Judge Selection Process
Selection Of DCA National Specialty Judges
Over the years, and especially now with the advent of Dachshund discussion forums on the Internet, Dachshund fanciers often discuss and ask questions about how DCA, as a club, and the DCA Board handle various tasks, events, and activities. This is the first in a series of articles designed to answer those questions, sponsored by the DCA Education Committee, chaired by Marci Forrester. This article will describe the process of nominating and electing breed and obedience judges at the annual DCA National Specialty Show.
Judges are nominated and elected at the Annual Membership Meeting that is held at the same time and place as the DCA National Specialty. DCA members who attend the Annual Meeting check in at the Meeting registration table, are checked against the current Membership list (only DCA members residing in North America, including Canada, are eligible to vote, per Article II, Section 1.E of the DCA Bylaws), and receive a package of materials, which includes the meeting agenda, a list of eligible judges, and ballots of various colors for voting on judges or other matters that may come up for a vote. The DCA secretary and assistant secretary are responsible for providing a current roster, the ballots and the list of eligible judges. Judges are selected for the Annual Specialty 2 years in advance. At the DCA 2005 Annual Meeting in Houston, TX, judges will be selected for the Annual National Specialty in 2007.
Just prior to the Annual Membership Meeting, tellers are selected to count the ballots. The head teller is generally a board member. The President, as chair of the meeting, establishes the coat that will be voted upon first and then asks for nominations from the Regions. EVERY DCA member, including those who are not able to attend the Annual Meeting, can nominate judges through their respective Regions prior to the National Specialty. Nominations are then opened to the membership. Judges must be AKC licensed or licensed by the governing canine bodies in other countries, they may not be provisional. Judges must agree not to judge Dachshunds for 6 months prior to the National Specialty within 1,000 miles of the National Specialty show site. These nominations are recorded by the DCA Secretary. Once there are a number of nominations, any DCA member may move to close nominations and, if the motion is seconded, the members vote upon the motion to close nominations. The name of each judge nominated is read. The President instructs members to use a specific color of the ballot to vote. The tellers collect the ballots and leave the room to count the votes. When the tellers return, the head teller reports the names of the two judges who have received the highest number of votes. The members then vote on those two judges, with the judge receiving the highest number of votes being elected as the judge for that coat. The other judge is the alternate. The alternate is used only if the selected judge is unable to accept the assignment. The alternate is not subject to the six month quarantine, is not offered any type of contract and will be considered as the first choice should the elected judge not be capable of fulfilling the assignment. The same process is followed for electing judges for the other 2 coats and for the obedience judges. The intervariety (Best of Breed) judge is selected by drawing during the Specialty. Sweepstakes judges are not generally AKC licensed judges and are selected by the host specialty club(s).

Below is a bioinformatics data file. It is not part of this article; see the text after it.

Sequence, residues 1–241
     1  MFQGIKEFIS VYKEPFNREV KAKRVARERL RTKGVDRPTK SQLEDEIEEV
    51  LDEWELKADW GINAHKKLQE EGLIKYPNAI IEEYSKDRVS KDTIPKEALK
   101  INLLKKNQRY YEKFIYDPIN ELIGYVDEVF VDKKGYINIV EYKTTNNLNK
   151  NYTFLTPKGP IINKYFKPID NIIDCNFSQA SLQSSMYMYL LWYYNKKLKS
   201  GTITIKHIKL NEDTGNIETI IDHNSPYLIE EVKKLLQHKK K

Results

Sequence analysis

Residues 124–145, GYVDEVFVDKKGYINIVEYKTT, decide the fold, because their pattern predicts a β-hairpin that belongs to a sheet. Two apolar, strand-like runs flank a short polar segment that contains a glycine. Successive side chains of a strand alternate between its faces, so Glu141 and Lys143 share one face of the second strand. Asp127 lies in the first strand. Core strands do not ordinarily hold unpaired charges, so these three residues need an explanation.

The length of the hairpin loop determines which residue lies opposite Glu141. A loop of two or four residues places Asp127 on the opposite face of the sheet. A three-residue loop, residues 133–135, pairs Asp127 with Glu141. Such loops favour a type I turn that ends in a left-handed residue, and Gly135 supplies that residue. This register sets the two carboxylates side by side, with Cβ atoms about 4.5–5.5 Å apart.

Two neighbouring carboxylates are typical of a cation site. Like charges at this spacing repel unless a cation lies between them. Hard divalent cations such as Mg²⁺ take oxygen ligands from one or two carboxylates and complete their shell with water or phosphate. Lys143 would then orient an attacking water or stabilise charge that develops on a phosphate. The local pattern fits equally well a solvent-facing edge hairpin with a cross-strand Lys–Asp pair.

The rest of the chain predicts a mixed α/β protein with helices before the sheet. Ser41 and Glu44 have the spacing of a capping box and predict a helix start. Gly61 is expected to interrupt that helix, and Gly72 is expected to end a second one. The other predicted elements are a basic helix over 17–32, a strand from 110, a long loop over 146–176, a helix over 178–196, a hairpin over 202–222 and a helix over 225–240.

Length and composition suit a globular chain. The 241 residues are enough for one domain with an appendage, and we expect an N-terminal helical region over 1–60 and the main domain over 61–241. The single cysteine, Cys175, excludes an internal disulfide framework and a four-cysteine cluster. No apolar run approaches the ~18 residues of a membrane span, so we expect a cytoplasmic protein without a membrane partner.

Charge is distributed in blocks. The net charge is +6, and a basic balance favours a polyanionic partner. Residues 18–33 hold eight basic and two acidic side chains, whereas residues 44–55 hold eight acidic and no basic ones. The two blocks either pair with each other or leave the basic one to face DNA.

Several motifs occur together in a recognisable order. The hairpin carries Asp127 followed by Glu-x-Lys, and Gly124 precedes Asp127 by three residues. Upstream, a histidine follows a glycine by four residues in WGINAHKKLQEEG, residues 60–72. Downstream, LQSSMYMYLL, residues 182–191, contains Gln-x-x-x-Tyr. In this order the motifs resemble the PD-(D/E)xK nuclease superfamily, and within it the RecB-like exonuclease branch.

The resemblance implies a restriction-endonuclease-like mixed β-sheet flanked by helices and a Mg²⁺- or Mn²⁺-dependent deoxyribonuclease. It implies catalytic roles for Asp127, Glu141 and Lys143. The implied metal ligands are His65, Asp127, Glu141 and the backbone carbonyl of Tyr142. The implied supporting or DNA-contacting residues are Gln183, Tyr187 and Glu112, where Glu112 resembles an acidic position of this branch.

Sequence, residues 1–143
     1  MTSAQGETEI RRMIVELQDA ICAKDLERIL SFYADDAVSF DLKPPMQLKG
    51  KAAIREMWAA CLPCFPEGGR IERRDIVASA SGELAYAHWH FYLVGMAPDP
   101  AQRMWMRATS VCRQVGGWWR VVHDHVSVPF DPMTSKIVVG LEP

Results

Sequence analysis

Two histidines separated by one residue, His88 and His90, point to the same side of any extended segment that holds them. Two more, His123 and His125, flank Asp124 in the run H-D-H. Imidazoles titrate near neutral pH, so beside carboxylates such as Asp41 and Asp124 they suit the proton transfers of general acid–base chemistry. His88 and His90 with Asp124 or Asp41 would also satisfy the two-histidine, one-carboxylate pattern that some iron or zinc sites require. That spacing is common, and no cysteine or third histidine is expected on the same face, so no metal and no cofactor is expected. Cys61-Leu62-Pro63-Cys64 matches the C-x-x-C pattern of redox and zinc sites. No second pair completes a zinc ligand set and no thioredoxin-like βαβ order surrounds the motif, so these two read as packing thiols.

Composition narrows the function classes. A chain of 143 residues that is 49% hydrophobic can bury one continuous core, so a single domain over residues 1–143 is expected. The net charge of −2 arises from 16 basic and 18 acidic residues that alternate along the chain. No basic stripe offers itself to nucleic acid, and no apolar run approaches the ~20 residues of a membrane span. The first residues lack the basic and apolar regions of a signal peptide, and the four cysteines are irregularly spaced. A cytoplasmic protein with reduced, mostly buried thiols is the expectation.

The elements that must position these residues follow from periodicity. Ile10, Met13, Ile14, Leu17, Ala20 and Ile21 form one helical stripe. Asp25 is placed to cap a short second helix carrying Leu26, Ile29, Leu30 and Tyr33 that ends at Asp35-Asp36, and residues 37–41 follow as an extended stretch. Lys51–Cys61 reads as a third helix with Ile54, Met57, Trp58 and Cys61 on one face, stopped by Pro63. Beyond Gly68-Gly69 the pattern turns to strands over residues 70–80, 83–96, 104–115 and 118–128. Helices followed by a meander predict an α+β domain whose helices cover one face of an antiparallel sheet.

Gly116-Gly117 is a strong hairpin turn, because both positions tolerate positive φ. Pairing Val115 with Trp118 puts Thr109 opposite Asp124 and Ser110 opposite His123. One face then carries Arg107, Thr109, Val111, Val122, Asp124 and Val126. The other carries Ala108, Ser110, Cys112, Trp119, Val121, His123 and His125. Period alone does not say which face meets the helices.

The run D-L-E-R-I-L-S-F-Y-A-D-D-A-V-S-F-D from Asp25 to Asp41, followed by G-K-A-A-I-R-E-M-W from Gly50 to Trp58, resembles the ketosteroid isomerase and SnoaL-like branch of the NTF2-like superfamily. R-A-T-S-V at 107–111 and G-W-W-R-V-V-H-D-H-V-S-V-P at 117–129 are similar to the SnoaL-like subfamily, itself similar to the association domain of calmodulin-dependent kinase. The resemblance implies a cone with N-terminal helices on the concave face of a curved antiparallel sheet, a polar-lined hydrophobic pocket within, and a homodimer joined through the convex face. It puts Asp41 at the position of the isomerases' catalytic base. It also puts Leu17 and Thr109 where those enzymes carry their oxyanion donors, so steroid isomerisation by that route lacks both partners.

There are some DCA members who ask why DCA does not allow members to nominate and elect judges by mail, as this would enable all DCA members in North America to participate in the selection process. The process described above has been used to nominate and select judges at the Annual Membership meeting because the membership voted to do it that way. However, the process could be changed at any annual meeting by a two-thirds vote of the membership attending. Should the process change to include the entire membership the cost factor should be considered. Each first class mailing to all eligible voting households costs around $500. So, at a minimum, handling the entire nomination and election process by mail would cost around $1,500 plus the cost of printing and supplies. Three mailings would be required: a mailing to solicit nominations, a mailing to send out ballots to vote on the judges who were nominated, and a mailing to send out the runoff ballots.
If you have a question about DCA policies and procedures and would like to have it answered in this series of articles, please contact
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